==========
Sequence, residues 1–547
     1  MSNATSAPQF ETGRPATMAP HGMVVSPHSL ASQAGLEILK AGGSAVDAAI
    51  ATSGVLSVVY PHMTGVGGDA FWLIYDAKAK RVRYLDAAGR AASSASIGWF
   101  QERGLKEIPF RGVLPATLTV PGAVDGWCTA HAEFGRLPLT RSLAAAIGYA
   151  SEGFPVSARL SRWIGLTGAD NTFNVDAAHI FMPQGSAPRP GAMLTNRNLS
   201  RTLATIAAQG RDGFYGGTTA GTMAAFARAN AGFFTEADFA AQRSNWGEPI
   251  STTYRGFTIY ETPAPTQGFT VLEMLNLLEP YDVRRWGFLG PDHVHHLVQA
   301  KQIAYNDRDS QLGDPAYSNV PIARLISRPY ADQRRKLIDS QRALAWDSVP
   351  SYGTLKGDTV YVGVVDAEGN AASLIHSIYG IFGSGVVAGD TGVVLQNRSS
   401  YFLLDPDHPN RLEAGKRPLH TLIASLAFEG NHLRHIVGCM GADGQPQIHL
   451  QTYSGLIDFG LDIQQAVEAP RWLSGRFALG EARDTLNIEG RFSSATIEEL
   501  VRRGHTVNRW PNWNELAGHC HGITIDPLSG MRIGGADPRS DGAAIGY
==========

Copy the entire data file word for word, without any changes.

Sequence, residues 1–547
     1  MSNATSAPQF ETGRPATMAP HGMVVSPHSL ASQAGLEILK AGGSAVDAAI
    51  ATSGVLSVVY PHMTGVGGDA FWLIYDAKAK RVRYLDAAGR AASSASIGWF
   101  QERGLKEIPF RGVLPATLTV PGAVDGWCTA HAEFGRLPLT RSLAAAIGYA
   151  SEGFPVSARL SRWIGLTGAD NTFNVDAAHI FMPQGSAPRP GAMLTNRNLS
   201  RTLATIAAQG RDGFYGGTTA GTMAAFARAN AGFFTEADFA AQRSNWGEPI
   251  STTYRGFTIY ETPAPTQGFT VLEMLNLLEP YDVRRWGFLG PDHVHHLVQA
   301  KQIAYNDRDS QLGDPAYSNV PIARLISRPY ADQRRKLIDS QRALAWDSVP
   351  SYGTLKGDTV YVGVVDAEGN AASLIHSIYG IFGSGVVAGD TGVVLQNRSS
   401  YFLLDPDHPN RLEAGKRPLH TLIASLAFEG NHLRHIVGCM GADGQPQIHL
   451  QTYSGLIDFG LDIQQAVEAP RWLSGRFALG EARDTLNIEG RFSSATIEEL
   501  VRRGHTVNRW PNWNELAGHC HGITIDPLSG MRIGGADPRS DGAAIGY